Background and Aims Neonatal Dabetes Mellitus(NDM) is a rare(1/400,000 newborns) but potentially devastating condition. It has been defined as insulin-sensitive hyperglycemia that is diagnosed within the first six months of life and can be either transient(TNDM) or permanent(PNDM). PNDM has been linked to mutations in several different genes. TNDM is associated with defects in an imprinted region of the paternally derived chromosome 6. We describe a baby boy four months old diagnosed with PNDM.
Methods The patient was admitted to hospital with diabetic ketoacidosis(blood sugar>700mg/dl (>38.8mmol/l), pCO2 22mmHg, pO2 107mmHg, HCO3 12.1mmol/l). He had a preceding fortnight history of polyuria, polydipsia, lethargy and vomiting the last few days before admission. Clinically he was lethargic and dehydrated, with sunken fontanelle and eyes, reduced skin turgor, dry mucous membranes and had tachypnoea, ketotic breath. He was treated with intravenous fluids and insulin. Progressively he recovered and started feeding orally. He was discharged on daily insulin injections subcutaneously.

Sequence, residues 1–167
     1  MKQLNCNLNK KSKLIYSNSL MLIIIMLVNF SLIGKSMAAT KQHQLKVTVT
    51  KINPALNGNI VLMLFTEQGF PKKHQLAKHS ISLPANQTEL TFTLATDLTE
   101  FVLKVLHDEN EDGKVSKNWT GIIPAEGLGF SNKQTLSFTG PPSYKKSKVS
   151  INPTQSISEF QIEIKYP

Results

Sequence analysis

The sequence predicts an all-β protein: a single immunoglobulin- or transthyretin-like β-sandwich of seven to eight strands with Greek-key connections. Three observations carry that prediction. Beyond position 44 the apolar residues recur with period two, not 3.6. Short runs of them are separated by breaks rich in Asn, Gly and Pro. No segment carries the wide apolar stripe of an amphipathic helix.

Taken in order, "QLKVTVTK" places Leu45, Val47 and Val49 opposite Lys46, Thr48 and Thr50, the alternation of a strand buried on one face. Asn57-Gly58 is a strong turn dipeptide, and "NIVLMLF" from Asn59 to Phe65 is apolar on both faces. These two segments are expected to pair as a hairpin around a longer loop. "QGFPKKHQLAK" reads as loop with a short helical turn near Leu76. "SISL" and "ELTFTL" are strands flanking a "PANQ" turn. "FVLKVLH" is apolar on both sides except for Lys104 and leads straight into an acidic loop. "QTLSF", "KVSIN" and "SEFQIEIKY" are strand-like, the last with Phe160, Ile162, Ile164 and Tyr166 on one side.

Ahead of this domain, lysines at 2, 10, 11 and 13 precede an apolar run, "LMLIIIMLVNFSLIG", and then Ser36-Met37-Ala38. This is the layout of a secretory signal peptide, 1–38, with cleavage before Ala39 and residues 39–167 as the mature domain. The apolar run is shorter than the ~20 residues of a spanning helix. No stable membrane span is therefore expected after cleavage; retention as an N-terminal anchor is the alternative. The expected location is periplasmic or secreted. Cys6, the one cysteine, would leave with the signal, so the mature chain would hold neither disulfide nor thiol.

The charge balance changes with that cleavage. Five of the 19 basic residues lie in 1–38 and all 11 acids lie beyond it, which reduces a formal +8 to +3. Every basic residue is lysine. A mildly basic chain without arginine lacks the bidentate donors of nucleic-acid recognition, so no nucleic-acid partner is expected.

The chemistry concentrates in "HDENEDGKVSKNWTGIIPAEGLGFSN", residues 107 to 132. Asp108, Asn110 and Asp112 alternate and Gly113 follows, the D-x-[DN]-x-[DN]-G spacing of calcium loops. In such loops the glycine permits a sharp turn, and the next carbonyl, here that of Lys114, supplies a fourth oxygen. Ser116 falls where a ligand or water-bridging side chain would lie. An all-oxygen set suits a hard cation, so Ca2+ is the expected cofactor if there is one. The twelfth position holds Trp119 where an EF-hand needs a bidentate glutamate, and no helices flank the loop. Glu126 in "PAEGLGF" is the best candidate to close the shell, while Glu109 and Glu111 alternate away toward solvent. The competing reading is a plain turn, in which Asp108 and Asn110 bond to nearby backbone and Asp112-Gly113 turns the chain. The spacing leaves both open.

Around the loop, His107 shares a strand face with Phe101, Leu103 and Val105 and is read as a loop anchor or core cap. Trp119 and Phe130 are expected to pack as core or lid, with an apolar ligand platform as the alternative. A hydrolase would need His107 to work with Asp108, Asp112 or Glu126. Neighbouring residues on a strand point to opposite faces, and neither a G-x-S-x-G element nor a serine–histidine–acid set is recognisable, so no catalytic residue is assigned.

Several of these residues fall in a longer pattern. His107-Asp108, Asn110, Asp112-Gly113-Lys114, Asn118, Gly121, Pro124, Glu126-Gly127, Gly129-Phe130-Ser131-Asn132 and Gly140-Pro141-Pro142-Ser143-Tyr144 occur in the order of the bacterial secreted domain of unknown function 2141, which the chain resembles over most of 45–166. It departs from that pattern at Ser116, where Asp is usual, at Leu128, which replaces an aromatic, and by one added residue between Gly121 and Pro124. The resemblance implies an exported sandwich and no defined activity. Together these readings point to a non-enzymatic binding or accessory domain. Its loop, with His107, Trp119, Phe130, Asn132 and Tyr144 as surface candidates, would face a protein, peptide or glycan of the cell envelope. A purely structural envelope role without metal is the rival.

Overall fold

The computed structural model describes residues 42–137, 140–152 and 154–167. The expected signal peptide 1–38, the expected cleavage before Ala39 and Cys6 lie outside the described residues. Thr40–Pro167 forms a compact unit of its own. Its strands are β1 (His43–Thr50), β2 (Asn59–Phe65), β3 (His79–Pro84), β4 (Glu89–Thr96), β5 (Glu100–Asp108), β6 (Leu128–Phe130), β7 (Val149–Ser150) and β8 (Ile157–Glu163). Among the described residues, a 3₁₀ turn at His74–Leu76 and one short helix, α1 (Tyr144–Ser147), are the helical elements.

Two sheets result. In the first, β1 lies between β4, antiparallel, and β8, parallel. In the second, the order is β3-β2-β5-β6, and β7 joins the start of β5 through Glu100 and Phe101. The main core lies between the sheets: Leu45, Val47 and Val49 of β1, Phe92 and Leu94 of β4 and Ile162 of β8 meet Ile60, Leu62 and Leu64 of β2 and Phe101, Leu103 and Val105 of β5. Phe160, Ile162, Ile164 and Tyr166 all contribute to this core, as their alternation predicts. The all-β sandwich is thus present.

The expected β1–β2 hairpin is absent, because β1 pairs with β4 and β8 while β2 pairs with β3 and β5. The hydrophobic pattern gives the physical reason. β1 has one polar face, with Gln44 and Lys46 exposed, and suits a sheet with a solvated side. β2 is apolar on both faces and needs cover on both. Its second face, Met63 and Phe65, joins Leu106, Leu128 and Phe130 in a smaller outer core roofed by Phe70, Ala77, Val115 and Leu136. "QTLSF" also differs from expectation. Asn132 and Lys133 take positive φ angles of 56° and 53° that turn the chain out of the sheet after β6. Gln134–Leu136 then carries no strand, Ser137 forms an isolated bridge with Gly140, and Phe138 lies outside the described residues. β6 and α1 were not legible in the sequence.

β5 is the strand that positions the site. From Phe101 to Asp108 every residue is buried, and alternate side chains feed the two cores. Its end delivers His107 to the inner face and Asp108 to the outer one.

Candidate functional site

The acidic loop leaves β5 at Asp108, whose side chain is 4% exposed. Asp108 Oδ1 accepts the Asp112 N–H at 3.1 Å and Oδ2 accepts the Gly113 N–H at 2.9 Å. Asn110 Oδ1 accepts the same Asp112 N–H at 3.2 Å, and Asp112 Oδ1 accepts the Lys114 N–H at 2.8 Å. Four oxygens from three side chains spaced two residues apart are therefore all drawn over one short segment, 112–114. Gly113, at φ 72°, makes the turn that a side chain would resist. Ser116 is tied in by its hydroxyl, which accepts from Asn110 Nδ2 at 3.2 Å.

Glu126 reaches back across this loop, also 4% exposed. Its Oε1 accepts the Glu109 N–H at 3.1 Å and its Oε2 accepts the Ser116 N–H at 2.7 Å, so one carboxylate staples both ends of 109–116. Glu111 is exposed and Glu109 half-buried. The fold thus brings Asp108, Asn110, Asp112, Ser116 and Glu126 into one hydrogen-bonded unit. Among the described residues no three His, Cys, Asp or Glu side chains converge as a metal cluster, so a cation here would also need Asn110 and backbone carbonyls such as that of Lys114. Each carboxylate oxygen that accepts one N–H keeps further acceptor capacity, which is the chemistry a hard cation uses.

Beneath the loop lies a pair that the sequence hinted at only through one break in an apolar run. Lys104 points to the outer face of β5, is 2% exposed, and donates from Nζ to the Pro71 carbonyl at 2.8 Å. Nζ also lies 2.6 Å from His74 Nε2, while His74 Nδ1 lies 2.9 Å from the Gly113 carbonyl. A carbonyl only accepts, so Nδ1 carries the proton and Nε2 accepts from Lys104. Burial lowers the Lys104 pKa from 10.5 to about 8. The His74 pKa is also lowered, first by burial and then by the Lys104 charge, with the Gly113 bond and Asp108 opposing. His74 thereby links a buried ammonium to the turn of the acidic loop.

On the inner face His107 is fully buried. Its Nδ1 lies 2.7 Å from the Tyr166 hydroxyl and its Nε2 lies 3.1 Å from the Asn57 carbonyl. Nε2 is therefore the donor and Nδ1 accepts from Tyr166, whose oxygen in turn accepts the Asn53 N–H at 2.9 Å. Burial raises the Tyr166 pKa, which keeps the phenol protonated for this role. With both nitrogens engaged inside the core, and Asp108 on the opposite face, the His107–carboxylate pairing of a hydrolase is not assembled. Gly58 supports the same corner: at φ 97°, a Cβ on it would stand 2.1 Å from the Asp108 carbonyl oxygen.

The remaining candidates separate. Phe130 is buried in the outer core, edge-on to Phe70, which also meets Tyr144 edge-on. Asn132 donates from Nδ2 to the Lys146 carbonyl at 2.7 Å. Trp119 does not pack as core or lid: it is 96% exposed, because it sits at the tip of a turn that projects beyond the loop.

Results On admission glycated hemoglobin(HbA1c) was 5.8% (4.3–6.1%), anti-GAD autoantibodies 1.3(ratio>1.1 positive), IA2(tyrosine phosphatase antibodies) 1.2(< 8iu/ml), IAA(anti-insulin antibodies) 1.50(< 1.10 ratio), ICA(anti-islet antibodies) 0.5(< 1.00 ratio), EMA(anti-endomysial antibodies) negative. Past medical and family history were unremarkable. Genetic testing for PNDM failed to detect any mutations in the KCNJ11, ABCC8 and INS genes, as well as the testing for abnormalities in the chromosome 6q for TNDM.
Conclusions Genetic testing for NDM can identify PNDM in newborns helping the physician to select the most appropriate therapy. However, 40% of cases are currently without a molecular genetic diagnosis.